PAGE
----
249226.  Wed Dec 26, 2007 5:46 pm

 Quote: Why doesn't isn't the photon sent in a different direction? Conservation maintained by changing the values of the electron?

As the great Richard Feynman once said, "Nobody is are become understanding quantums grammar! Or am they???"

 249228.  Wed Dec 26, 2007 5:48 pm ORLY?

249254.  Wed Dec 26, 2007 7:22 pm

 djgordy wrote: I'm afraid this shows a profound ignorance of what the word "constant" means when applied to the speed of light. When we say we say the speed of light is a constant, we mean that it is constant in a vacuum and that it is constant in a vacuum, or, in terms of special relativity, that it is a constant in any inertial frame.

Yes, I did mention in my post that the velocity of light is constant, and that c did refer to the speed of light in a vacuum. I just wanted to attempt to explain what happens in materials to slow the light down. Obviously the Pentapod did a better job than me though, thanks!

249268.  Wed Dec 26, 2007 8:15 pm

 Davini994 wrote: Why are England so appalling? How on earth is John Terry worth 120k per week? Why do people who have lived all their lives in West Bromwich not understand that I don't care when they laugh at me for being a Leeds fan? Would you like another physics question instead Samivel? ;)

Yeah, fair point. Though if someone offered me a job at £120,000 a week, I'd say yes. And I wouldn't worry about whether I was worth the money or not.

:)

 249288.  Wed Dec 26, 2007 8:47 pm So pop quiz: how long does it take a photon, that exists at the centre of the sun, to get out*. *this is obviously an average, and based on calculations. I haven't tracked one.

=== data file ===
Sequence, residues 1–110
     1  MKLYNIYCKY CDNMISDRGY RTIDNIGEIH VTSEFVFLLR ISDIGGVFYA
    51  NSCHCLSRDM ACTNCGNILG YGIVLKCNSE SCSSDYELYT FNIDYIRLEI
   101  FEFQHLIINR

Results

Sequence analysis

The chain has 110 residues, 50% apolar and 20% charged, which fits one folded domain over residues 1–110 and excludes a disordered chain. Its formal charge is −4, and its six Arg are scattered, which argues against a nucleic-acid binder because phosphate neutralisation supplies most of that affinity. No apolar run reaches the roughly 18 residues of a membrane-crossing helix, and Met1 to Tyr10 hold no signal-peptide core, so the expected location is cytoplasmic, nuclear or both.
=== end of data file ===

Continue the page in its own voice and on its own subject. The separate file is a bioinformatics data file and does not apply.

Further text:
249309.  Wed Dec 26, 2007 10:24 pm You still fail to understand. A photon ceases to exist as soon as it is absorbed by another particle. Photons from the center of the sun never "get out". The factoid you're citing is that it "takes light a million years" to get out of the sun. This is only true for very particular meanings of the words "takes" and "light". The sun is not, fundamentally, a giant ball full of light. The first post is absolutely correct, and QI is wrong. When a photon is absorbed by an electron, it ceases to exist. A new photon is emitted. In that interval, there is no light, so counting that as propagation time is an error of perception. The error does not carry over into real physics. Just the layman's understanding of it. The "speed of light" is *not* the time it takes light to get from the source to your eye. It is the time it takes a photon to propagate from point A to point B. Photons do this, invariably, at 299792.458 km/s. Never faster, never slower. If you want to get cosmological, we can pretend that Hubble's law affects the speed of light at very large scales. In fact, it does not. It's space *itself* that is increasing in volume, which does not affect the velocity of signals through it. When the news talks about "scientists slow down light" that's a reduction in signal velocity, not in photon velocity. It would violate special relativity, thermodynamics, and Noether's theorem if the speed of light was not an absolute constant. It is. The phase velocity is irrelevant to this; it's allowed to be infinite. The group velocity is irrelevant to this; it's allowed to be infinite. Only the signal velocity is a physically real thing to measure. The signal velocity may be slower than the speed of light, but never faster. Information cannot be transmitted faster than 299792.458 km/s. Ever. That includes wave-form information. As already mentioned, photons are smaller than atoms, so even in a refractive medium, they move through quantum vacuum. Thus, the "speed of light in vacuum" is the only kind of speed of light there is. This isn't a multiple choice proposition.